Wine is wine is wine… right? Not always. Some of us choose our wines based on the sticker price or color, but others, like sommeliers, have entire careers around knowing and loving wine. While you may be familiar with the whites, reds, and roses, wine can fall into other, less talked about categories: organic and non-organic. What’s the difference, and why should you care? Here’s everything you need to know about opting for the organic vino the next time you stock up.
What is organic wine, technically?
There are a few more considerations when it comes to earning that “organic” label on wine, though. In the United States, a winemaker is not allowed to add sulfites, GMOs, or specific additives to the wine and call it organic, whereas, in Europe, a certain amount of added sulfites is permitted. Additionally, for organic wine to truly be “organic,” it must be processed in an organic-certified facility.
However, there is an easy workaround to keep “organic” on the label. These extra additives can be used in the winemaking process and the wine can be made in a non-organic facility as long as the phrase is “made from organically grown grapes,” and not “organic wine.” This can lead some customers to believe they are purchasing an organic wine, even when that isn’t the case. Organic grapes do not always make organic wine.
Why pick organic wines over non-organic wines?
There are a few reasons why you might want to pick organic wines over a non-organic wine.
First, there are no artificial or genetically modified ingredients. The ingredients in wine can be manipulated in the same way all other produce can be modified. Many non-organic wines are filled with GMOs and synthetic additives such as dyes. You won’t get that with organic wine. If your diet involves staunch avoidance of artificial coloring, flavoring, and other modifications, organic wines are the way to go.
The no-added-sulfites really makes a difference. As noted above, U.S. organic wines are not permitted to include any added sulfites. Why is this so important when wine already naturally contains these minerals?
Sulfites are sulfur compounds that exist naturally in grape skin. While small amounts of these minerals are fine, non-organic winemakers have discovered that adding more sulfites to the mix creates a wine with a longer shelf life. Unfortunately, the addition of these sulfites can cause headaches and possible allergic reactions for those with sulfite sensitivity. It is not to blame for a hangover the next day, however, because a sulfur headache comes on within fifteen minutes.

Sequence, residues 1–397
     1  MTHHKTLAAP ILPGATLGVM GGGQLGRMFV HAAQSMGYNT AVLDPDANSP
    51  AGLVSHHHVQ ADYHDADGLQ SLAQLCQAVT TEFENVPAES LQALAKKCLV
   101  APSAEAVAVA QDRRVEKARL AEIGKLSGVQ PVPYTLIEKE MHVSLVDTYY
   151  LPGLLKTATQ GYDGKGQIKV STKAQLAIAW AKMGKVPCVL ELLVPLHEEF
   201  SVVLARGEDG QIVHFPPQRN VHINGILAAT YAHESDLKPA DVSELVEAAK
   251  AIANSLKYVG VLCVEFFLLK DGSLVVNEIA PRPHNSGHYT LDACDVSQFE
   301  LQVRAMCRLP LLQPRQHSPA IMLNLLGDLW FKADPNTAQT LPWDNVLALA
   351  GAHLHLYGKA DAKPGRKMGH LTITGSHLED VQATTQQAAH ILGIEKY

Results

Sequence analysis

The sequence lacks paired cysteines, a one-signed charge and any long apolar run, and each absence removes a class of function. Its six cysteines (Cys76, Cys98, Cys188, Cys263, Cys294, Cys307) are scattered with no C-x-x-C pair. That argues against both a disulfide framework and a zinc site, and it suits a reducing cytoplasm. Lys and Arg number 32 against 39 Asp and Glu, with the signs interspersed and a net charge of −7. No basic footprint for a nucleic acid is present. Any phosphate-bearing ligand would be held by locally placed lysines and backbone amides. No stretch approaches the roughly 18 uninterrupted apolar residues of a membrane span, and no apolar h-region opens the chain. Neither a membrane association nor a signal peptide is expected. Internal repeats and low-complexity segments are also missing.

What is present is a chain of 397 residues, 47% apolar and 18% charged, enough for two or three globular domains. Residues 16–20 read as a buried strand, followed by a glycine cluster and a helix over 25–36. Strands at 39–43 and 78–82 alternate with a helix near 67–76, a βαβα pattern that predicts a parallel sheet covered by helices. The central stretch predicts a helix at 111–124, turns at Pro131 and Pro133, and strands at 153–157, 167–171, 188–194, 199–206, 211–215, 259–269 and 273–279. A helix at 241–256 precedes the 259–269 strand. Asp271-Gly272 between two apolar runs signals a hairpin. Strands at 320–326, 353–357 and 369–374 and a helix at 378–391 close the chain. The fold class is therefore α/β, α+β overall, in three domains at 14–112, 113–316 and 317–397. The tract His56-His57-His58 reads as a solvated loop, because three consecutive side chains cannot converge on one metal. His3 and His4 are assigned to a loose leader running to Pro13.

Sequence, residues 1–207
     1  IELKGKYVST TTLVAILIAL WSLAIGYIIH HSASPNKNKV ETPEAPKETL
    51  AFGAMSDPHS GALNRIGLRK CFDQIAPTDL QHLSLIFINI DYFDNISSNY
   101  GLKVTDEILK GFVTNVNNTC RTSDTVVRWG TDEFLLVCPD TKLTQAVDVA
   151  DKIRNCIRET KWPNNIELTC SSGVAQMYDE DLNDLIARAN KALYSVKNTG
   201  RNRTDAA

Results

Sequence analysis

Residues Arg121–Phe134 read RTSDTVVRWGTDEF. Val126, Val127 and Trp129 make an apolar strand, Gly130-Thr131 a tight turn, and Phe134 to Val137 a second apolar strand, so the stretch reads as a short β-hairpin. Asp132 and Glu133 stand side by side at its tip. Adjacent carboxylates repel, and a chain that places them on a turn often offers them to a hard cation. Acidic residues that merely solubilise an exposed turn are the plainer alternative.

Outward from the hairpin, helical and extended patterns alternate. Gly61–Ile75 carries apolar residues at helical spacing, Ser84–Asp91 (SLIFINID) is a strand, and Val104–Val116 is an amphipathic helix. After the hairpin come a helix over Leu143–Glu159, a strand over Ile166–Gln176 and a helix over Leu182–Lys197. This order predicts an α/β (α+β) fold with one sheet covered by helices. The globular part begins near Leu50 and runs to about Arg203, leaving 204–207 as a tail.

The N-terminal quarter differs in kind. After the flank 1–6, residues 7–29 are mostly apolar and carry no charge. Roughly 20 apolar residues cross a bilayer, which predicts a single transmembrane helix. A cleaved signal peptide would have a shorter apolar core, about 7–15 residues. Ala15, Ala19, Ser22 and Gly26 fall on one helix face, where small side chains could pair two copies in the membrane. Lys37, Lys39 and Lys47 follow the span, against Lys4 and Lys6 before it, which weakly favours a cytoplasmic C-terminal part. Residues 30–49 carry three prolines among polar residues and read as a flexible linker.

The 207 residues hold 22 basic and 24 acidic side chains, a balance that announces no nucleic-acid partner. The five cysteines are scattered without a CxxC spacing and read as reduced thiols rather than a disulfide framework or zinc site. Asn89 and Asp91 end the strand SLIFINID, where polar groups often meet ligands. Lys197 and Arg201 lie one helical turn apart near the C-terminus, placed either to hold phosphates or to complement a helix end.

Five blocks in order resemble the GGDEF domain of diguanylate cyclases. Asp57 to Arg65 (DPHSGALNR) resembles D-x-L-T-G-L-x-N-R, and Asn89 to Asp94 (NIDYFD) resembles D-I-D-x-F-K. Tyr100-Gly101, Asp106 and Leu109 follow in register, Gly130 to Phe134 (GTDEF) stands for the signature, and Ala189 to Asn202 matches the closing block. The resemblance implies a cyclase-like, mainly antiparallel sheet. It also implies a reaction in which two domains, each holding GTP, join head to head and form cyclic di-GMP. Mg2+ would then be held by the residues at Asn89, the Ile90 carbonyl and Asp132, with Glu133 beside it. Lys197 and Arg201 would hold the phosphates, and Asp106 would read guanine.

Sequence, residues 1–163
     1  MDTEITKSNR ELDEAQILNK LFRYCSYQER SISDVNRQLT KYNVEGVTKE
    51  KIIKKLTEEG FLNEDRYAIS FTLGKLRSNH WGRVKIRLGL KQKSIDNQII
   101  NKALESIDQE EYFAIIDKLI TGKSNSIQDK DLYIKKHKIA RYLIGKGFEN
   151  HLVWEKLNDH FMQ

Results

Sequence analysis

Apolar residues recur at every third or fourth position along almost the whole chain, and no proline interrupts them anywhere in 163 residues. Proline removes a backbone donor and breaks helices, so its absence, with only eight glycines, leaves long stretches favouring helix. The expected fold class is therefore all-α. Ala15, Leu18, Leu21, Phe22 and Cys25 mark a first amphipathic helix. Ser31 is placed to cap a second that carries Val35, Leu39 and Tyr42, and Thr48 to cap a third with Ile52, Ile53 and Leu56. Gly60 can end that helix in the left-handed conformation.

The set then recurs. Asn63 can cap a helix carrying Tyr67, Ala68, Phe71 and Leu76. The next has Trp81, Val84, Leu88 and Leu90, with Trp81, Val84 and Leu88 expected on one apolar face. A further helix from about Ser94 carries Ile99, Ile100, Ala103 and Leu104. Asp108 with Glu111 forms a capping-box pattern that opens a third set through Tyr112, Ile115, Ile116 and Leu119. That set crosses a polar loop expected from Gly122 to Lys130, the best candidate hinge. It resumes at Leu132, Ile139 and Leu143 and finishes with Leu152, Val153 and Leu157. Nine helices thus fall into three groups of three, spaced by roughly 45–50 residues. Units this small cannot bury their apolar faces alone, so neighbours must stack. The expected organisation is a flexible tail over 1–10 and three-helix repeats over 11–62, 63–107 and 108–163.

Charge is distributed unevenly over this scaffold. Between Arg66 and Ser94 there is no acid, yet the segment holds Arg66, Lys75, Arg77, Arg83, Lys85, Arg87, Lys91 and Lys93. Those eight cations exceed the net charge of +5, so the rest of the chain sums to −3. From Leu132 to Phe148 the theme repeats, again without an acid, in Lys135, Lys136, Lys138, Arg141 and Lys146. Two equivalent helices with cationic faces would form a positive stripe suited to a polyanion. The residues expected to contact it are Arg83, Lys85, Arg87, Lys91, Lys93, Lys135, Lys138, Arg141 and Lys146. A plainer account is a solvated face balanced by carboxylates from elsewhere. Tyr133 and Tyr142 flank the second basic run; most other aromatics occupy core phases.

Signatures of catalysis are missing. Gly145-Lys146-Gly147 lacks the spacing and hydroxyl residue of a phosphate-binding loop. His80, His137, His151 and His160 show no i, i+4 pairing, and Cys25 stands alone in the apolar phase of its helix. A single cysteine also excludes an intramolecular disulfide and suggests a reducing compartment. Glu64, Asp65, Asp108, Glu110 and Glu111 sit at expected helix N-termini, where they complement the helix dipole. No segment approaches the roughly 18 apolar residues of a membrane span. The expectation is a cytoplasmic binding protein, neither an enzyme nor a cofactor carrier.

Organic wines contain less sugar. Non-organic wines often contain added sugar, resulting in a sweeter wine and a longer shelf life. If you prefer a sweeter wine, opt for an organic wine that’s naturally sweetened. All that added sugar results in worse hangovers, headaches, and possibly even a cavity or two.
How to tell if a wine is organic
To tell if a wine is organic, take a look at the label. You should be able to find some key information to help you make your purchase.
Typically, the label will mention that the wine is made with organic grapes, and there will also be a USDA certification seal, which is the crucial deciding factor. A winemaker can claim their wine is natural, green, or a range of other buzzwords, but if there’s no USDA certification saying that the wine is organic, it has not been verified.
These policies hold fast for any wine sold in the United States, even if it’s imported from abroad. If it’s being sold as organic wine in the U.S., it still must meet USDA standards of organic certification in order to reach store shelves.
Are organic wines a fad or something more?
BlissMark provides information regarding health, wellness, and beauty. The information within this article is not intended to be medical advice. Before starting any diet or exercise routine, consult your physician. If you don’t have a primary care physician, the United States Health & Human Services department has a free online tool that can help you locate a clinic in your area. We are not medical professionals, have not verified or vetted any programs, and in no way intend our content to be anything more than informative and inspiring.
- Sugar-free yogurts that will keep you coming back for more
- What you should know about trendy pantry staple cassava flour
- Make your own organic ketchup with this simple recipe
- Sugar vs erythritol: How to choose
- Healthy junk food alternatives to feed all your cravings